In the bizarre world of quantum mechanics, there is a specific sub-atomic particle that can mathematically be in two places simultaneously. In the even more bizarre world inhabited by the U.S. Bureau of Labor Statistics, it is possible for the American economy to still lose jobs while at the same time the unemployment rate declines. American ingenuity strikes again!
The BLS’s recent report on U.S. unemployment statistics revealed that officially, the American economy lost 20,000 jobs in January. Considering that most economists predicted a small gain in jobs, this is obviously a worse than expected result. Yet, despite the jobs losses, the BLS is also reporting that the official U.S. unemployment rate dropped from 10% to “only” 9.7%. How did the creative minds at BLS shrink the unemployment rate even though fewer Americans were working in January in comparison with December? Through cunning statistical manipulation. Apparently, someone decided on high that it was not politically expedient to maintain an official U.S. jobless rate in double digits, so despite the continuing job losses, a way was found to report a reduction in the unemployment rate.
What is even more remarkable about this BLS imbroglio is the reaction of mainstream American media. Virtually every significant news source in the United States is heralding the BLS manufactured “drop” in the rate of unemployment as a signpost on the road to economic recovery, and a first rate achievement, demonstrating true progress towards resolving America’s unemployment catastrophe. It seems that there is a collective will in America to drink the Kool-Aid of wishful thinking. One gets the impression that the Democratic Party has borrowed the old faith-based ideology from the Republicans, maintaining that belief that things are indeed getting better will somehow transform celestial thinking into terrestrial reality.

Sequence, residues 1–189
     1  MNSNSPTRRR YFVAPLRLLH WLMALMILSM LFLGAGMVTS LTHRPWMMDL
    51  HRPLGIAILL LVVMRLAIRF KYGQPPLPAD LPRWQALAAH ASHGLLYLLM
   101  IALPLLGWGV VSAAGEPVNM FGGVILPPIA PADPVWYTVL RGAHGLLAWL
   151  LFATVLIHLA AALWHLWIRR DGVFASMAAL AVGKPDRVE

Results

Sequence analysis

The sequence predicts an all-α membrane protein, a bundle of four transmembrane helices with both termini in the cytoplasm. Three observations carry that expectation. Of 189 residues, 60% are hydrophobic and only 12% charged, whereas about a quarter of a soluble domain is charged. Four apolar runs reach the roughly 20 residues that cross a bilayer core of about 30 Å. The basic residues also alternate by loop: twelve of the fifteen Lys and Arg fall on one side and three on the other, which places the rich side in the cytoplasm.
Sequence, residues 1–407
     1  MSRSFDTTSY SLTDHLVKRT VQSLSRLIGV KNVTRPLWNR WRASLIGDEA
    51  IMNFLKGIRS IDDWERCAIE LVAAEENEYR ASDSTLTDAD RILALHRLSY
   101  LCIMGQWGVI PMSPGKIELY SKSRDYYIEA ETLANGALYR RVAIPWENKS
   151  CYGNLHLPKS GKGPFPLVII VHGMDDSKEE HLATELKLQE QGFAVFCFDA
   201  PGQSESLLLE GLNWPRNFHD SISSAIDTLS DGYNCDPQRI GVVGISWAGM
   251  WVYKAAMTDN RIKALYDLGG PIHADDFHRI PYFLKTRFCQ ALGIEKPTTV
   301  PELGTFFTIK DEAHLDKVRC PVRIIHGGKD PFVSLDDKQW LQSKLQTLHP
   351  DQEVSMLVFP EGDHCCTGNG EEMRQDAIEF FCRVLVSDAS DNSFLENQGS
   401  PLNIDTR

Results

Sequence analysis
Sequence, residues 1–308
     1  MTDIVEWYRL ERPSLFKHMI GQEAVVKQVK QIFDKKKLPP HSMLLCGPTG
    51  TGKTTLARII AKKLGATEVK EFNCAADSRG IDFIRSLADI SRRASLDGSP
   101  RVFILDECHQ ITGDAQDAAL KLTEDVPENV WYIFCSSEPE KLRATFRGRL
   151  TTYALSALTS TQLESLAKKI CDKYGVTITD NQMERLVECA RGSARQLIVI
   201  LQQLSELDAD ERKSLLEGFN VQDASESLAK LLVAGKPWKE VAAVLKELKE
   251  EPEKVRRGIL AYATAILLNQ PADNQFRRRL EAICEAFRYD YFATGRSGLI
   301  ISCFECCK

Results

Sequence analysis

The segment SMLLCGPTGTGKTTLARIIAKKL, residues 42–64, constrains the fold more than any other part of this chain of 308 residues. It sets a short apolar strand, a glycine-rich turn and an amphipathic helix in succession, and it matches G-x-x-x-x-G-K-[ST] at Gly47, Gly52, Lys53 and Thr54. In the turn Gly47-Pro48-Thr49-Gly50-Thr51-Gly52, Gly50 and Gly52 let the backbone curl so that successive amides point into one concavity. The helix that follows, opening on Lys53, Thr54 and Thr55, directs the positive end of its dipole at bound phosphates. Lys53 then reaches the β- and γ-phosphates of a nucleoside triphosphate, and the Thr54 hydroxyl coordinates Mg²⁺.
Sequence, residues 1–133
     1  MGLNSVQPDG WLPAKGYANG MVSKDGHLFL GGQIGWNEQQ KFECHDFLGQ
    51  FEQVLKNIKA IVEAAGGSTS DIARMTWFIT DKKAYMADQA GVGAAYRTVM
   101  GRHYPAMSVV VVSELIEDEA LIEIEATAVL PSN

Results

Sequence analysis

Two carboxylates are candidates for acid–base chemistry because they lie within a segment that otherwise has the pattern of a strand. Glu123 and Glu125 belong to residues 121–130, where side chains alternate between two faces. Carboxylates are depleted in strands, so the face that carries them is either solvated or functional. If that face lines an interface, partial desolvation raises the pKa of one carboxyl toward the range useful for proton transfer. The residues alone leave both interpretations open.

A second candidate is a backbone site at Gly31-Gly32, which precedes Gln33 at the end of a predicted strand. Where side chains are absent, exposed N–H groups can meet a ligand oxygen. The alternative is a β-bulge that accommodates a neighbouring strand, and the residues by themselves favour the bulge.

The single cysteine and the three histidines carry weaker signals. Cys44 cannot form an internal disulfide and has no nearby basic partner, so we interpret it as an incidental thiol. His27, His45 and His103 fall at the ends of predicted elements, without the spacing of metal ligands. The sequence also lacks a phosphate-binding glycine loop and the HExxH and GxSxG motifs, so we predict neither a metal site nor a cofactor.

Hidden amidst the opacity of BLS statistics was the admission that the U.S. government had vastly undercounted the number of job losses in 2009, supposedly by more than 600,000. This stunning admission reveals the unreliability of the Bureau of Labor Statistics to accurately gauge jobs destruction in the United States brought on by the global financial and economic crisis. What we have in lieu of statistical objectivity is PR spin and metaphysical interpretations.
With contradictory statistics pouring out of the BLS, undermining the efficacy of any official analysis of America’s dim employment reality, I offer a more useful gauge of what is actually transpiring. With 70% of America’s economic output derived from consumption, what is actually happening to the financial capacity of American consumers to actively participate in the American economy? Taking into account not only high unemployment, but replacement jobs that are part-time or compensated at lower salaries, it is clear that the collective income of American consumers continues to deteriorate. Anecdotal evidence based on plummeting federal and state tax revenues are a clear marker of this calamitous decline in the purchasing power of American consumers. Unfortunately, not even the creative statisticians and alchemists at the Bureau of Labor Statistics can spin this dim reality into positive signs that America’s economic renaissance is just around the corner.